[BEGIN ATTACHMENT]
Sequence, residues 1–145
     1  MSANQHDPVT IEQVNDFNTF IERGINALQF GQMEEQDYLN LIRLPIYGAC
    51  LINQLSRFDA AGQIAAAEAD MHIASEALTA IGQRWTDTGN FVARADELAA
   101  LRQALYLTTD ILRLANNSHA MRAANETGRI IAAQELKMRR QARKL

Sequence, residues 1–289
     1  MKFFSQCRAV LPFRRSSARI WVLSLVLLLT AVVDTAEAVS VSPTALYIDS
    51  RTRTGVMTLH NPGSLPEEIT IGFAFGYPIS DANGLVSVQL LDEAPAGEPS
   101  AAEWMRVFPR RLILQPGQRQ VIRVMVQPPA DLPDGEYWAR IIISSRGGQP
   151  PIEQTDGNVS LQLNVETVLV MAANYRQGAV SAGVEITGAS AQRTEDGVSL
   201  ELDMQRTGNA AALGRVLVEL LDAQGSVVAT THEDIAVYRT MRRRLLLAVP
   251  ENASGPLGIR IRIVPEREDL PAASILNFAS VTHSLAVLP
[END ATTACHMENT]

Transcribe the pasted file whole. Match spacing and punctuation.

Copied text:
Sequence, residues 1–145
     1  MSANQHDPVT IEQVNDFNTF IERGINALQF GQMEEQDYLN LIRLPIYGAC
    51  LINQLSRFDA AGQIAAAEAD MHIASEALTA IGQRWTDTGN FVARADELAA
   101  LRQALYLTTD ILRLANNSHA MRAANETGRI IAAQELKMRR QARKL

Sequence, residues 1–289
     1  MKFFSQCRAV LPFRRSSARI WVLSLVLLLT AVVDTAEAVS VSPTALYIDS
    51  RTRTGVMTLH NPGSLPEEIT IGFAFGYPIS DANGLVSVQL LDEAPAGEPS
   101  AAEWMRVFPR RLILQPGQRQ VIRVMVQPPA DLPDGEYWAR IIISSRGGQP
   151  PIEQTDGNVS LQLNVETVLV MAANYRQGAV SAGVEITGAS AQRTEDGVSL
   201  ELDMQRTGNA AALGRVLVEL LDAQGSVVAT THEDIAVYRT MRRRLLLAVP
   251  ENASGPLGIR IRIVPEREDL PAASILNFAS VTHSLAVLP